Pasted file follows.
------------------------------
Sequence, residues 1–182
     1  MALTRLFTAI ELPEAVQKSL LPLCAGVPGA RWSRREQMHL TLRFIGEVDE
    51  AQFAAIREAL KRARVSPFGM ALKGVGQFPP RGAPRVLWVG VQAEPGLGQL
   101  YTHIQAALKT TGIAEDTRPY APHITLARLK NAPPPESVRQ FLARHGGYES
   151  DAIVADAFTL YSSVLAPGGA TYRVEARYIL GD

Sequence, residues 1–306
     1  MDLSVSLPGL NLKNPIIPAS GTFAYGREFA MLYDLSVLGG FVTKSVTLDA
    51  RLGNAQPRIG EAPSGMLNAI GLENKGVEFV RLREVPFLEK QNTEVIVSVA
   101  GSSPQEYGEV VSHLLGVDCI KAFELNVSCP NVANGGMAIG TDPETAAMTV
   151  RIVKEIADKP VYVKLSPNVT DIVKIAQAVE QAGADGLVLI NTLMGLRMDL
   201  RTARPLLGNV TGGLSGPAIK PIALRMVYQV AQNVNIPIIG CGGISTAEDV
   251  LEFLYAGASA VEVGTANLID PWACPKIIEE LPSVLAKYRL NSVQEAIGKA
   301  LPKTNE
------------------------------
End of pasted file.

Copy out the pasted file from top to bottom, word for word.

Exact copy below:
Sequence, residues 1–182
     1  MALTRLFTAI ELPEAVQKSL LPLCAGVPGA RWSRREQMHL TLRFIGEVDE
    51  AQFAAIREAL KRARVSPFGM ALKGVGQFPP RGAPRVLWVG VQAEPGLGQL
   101  YTHIQAALKT TGIAEDTRPY APHITLARLK NAPPPESVRQ FLARHGGYES
   151  DAIVADAFTL YSSVLAPGGA TYRVEARYIL GD

Sequence, residues 1–306
     1  MDLSVSLPGL NLKNPIIPAS GTFAYGREFA MLYDLSVLGG FVTKSVTLDA
    51  RLGNAQPRIG EAPSGMLNAI GLENKGVEFV RLREVPFLEK QNTEVIVSVA
   101  GSSPQEYGEV VSHLLGVDCI KAFELNVSCP NVANGGMAIG TDPETAAMTV
   151  RIVKEIADKP VYVKLSPNVT DIVKIAQAVE QAGADGLVLI NTLMGLRMDL
   201  RTARPLLGNV TGGLSGPAIK PIALRMVYQV AQNVNIPIIG CGGISTAEDV
   251  LEFLYAGASA VEVGTANLID PWACPKIIEE LPSVLAKYRL NSVQEAIGKA
   301  LPKTNE